The much heralded release of thousands of pages of internal State Department communications by WikiLeaks has received a lot of public attention and sent WikiLeaks founder Julian Assange into hiding in Switzerland, but if you wade through the documents what you find is mostly uninteresting and even the high points are far from the shocking revelations the build-up led us to expect.
Admittedly, WikiLeaks has only leaked a few hundred of about 200,000 cables, but I fear the whole thing will be a bust if they followed the natural inclination to leak the most sensational stuff first to stir up interest. What’s some out so far is mostly information which is unsurprising and predictable and at best mildly titillating. Perhaps the most shocking aspect is the level of fascination State Department officers have with prurient trivialities and petty rivalries, reminding us that they’re just another clutch of bored bureaucrats.
One of the great things about having a worldwide network of underpaid professional journalists is that those poor suckers get to read this stuff and summarize it for us so we don’t have to. Here are some of the highlights:
• Saudi Arabia wants us or Israel to nuke Iran. This shouldn’t be a surprise to anyone, but it does have the entertainment value of being extremely embarraasing to the Saudis now that the whole world knows just how little they believe in Islamic solidarity. But why should they? They’re Sunnis and the Iranians are Shiites. There’s only room for one big player in the Israel-hating game and Iran keeps trying to muscle in on their action. If Israel slapped Iran down it would put the Saudis back in the driver’s seat. Plus the only people the fundamentalists Iran is backing hate more than the Jews are the Saudi ruling class, a group whose main redeeming characteristic is that one of their slave-owning princes is now on record comparing Iranian President Ahmedinejad to Hitler.
• State Department analysts expect North Korea to collapse. Another non-revelation. With an economy based on slave labor, mass starvation and selling missiles to Iran, all to support a parasitic bureaucracy and ridiculously large military, it’s a miracle that North Korea hasn’t collapsed already. Why do you think we’re in no hurry to push through any kind of negotiated deal with the North Koreans. If we stall long enough they are bound to implode, leaving us and our allies to pick up the pieces.
• No one likes Pakistan. A number of the cables bring up concerns from every quarter about Pakistain. The Israelis think they’re unstable and dangerous, King Abdullah of Saudi Arabia despises Pakistani President Zardari. The US has been trying to undermine the Pakistani nuclear program for years. Everyone agrees the government is going to be overthrown by radical Islamists and turn into a threat to the entire region. Again, scary and unfortunate, but not a surprise.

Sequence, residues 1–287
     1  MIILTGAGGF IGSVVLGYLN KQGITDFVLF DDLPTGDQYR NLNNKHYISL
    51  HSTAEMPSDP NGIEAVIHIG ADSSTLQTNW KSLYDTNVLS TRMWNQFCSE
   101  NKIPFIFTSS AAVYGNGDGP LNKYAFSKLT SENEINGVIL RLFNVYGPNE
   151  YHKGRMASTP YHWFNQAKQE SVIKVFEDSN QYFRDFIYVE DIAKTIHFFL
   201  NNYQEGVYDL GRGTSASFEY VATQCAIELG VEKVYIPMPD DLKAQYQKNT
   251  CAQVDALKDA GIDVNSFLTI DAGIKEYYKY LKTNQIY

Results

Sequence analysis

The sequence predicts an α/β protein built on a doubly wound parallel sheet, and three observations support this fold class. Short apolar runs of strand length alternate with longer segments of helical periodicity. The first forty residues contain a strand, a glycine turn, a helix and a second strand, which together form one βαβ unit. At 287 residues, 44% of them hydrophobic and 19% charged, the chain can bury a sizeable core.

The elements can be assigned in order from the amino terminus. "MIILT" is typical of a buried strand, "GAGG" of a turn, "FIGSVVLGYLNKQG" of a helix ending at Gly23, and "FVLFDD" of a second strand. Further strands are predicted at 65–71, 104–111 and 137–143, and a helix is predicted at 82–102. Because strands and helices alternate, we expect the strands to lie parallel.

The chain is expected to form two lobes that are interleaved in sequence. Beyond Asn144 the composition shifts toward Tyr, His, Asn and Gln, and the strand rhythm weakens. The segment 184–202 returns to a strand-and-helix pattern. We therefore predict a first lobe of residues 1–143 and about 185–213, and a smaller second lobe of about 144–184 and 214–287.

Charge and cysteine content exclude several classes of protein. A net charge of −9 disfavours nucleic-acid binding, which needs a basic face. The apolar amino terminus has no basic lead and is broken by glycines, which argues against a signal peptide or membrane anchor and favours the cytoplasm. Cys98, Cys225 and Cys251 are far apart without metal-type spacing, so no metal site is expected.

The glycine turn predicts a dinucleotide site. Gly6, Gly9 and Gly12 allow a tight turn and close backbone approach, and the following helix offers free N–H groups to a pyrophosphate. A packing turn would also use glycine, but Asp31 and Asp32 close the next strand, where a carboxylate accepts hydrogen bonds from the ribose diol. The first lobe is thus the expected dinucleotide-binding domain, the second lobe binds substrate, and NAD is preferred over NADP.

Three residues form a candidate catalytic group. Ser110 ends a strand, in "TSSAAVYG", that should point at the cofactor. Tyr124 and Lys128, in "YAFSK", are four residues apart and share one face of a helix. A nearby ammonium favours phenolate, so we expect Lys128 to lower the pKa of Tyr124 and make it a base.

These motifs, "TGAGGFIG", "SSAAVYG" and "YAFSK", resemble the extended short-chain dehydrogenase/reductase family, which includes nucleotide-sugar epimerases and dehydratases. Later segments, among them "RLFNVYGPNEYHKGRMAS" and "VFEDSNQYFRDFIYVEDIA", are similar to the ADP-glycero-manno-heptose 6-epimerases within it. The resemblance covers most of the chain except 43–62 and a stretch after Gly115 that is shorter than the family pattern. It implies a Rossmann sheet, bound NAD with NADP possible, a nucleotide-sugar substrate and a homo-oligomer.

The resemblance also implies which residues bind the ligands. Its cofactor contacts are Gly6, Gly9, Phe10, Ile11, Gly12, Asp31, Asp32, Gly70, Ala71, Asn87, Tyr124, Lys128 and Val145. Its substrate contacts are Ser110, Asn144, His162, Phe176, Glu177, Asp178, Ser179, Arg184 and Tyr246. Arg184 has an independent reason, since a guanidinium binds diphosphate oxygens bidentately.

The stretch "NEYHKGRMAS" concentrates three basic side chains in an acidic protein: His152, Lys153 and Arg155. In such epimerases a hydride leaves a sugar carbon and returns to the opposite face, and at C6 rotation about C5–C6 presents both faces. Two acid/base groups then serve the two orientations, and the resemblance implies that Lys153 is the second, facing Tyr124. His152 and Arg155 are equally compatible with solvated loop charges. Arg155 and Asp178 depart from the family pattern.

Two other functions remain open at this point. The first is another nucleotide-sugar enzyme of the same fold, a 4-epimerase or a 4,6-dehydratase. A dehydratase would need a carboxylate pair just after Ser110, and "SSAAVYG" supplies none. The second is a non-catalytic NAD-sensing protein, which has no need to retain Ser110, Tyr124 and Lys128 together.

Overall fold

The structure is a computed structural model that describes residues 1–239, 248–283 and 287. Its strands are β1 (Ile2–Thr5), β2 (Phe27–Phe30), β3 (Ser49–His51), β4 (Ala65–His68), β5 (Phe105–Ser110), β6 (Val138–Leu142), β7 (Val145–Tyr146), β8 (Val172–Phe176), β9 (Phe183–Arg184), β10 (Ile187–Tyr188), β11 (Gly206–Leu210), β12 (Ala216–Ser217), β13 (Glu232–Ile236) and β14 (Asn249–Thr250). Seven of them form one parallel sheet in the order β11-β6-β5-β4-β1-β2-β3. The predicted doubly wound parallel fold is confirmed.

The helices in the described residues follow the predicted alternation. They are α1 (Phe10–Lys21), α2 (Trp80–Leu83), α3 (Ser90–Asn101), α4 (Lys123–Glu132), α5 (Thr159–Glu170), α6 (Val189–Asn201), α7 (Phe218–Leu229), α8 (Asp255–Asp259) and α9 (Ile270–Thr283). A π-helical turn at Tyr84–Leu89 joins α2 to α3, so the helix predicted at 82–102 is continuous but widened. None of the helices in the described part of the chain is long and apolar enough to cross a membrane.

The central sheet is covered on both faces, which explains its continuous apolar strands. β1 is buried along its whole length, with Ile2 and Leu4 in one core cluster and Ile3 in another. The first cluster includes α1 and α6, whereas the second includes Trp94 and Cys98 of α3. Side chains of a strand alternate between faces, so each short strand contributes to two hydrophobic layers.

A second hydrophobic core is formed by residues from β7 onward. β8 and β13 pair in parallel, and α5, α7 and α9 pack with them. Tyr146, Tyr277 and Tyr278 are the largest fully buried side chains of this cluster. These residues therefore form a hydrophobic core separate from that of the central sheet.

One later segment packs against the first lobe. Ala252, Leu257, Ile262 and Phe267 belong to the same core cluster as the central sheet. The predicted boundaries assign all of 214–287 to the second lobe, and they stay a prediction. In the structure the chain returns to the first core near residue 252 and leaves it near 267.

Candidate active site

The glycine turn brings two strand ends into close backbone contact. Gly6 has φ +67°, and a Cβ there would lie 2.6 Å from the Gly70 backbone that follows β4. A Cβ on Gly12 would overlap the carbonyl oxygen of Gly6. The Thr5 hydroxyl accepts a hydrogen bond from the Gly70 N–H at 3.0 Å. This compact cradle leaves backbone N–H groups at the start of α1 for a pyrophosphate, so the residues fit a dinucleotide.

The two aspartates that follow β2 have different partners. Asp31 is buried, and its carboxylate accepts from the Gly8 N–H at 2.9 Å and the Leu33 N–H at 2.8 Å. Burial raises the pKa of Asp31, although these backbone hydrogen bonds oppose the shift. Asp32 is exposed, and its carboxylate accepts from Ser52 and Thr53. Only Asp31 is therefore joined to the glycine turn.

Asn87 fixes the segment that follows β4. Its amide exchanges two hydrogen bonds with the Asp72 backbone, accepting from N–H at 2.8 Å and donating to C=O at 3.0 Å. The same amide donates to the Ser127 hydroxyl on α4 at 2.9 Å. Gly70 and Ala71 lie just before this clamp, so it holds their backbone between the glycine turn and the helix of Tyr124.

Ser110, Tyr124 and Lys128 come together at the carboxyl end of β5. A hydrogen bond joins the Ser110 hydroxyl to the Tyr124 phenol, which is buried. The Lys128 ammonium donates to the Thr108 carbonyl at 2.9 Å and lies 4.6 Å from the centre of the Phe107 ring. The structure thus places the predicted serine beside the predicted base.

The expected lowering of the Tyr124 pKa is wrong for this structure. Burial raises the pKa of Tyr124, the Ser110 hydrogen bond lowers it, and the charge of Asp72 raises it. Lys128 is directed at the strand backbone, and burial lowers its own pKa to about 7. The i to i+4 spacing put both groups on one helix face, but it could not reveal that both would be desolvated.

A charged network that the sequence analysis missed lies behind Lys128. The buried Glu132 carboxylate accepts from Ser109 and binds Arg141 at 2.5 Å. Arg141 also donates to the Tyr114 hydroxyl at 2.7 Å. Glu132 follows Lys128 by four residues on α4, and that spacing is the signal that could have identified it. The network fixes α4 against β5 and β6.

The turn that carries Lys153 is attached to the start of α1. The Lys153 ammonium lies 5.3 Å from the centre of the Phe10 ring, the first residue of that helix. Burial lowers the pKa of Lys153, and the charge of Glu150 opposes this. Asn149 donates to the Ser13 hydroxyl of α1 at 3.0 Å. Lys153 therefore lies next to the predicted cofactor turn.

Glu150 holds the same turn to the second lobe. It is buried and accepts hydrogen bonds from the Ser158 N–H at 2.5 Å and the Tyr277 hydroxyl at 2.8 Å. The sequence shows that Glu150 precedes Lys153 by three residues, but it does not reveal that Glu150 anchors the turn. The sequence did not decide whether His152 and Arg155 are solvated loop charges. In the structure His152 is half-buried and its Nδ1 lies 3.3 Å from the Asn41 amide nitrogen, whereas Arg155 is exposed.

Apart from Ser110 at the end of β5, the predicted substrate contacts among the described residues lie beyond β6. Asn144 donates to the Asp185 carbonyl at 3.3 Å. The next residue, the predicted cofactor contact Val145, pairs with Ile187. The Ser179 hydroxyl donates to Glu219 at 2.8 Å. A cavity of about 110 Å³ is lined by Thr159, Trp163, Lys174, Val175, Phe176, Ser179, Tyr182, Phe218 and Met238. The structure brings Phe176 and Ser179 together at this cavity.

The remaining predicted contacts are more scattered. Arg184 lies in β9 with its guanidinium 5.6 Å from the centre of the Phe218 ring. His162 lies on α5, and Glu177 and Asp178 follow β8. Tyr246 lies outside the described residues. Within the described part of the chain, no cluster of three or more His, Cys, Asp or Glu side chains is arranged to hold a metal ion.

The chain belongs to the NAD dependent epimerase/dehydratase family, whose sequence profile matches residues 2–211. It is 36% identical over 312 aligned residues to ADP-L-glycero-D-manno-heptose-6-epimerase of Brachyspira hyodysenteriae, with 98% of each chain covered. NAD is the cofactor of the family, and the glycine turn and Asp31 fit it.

• The US doesn’t trust the United Nations. Only surprising because the attitude seems to have continued under the Obama administration. Reassuring in that some of us had wondered whether people inside our government realized what was obvious to everyone else, that the UN is packed with radicals and crazies from the most reprehensible governments on the planet who are up to all manner of corruption and malfeasance, and are universally hostile to the United States and our interests. We wanted our UN representatives to spy on the other UN delegations? Well, I should hope so. The best thing about the UN is that it gathers so many international criminals together in one place should we ever want to take them out as a group.
• Qaddafi likes hot blondes. Another reason to like Islam’s most user-friendly dictator. Qaddafi may have delusions of grandeur, but playing slap and tickle with a statuesque Ukrainian nurse half his age just earns him my respect. I’d rather have him doing that than hostin al Quaida training camps and chemical weapons factories in Libya.
Julian Assange promises to release more of these documents on a daily basis, at least so long as he can stay out of jail. He’s wanted for questioning in the US, for rape in Sweden, and Australia is considering revoking his passport. The blame for the release of these documents really ought to fall on his sources, not on Assange or any of the journalists he has released them to. He’s a creepy, narcissistic freak, but if the government didn’t want these documents leaked they should have done a better job securing them, and that should be their priority for the future, not prosecuting Assange.
Assange and WikiLeaks thrive on controversy and stirring up trouble. Given the unshocking nature of these latest revelations the smart strategy for the US government would probably be to just ignore him and laugh off the small embarrassments he’s bringing to light. But as the docements demonstrate, taking the high road and avoiding pettiness are clearly not the strong suit of our bureaucratic elite. Plus they can use any distraction they can get from the exploding TSA scandal.Powered by Sidelines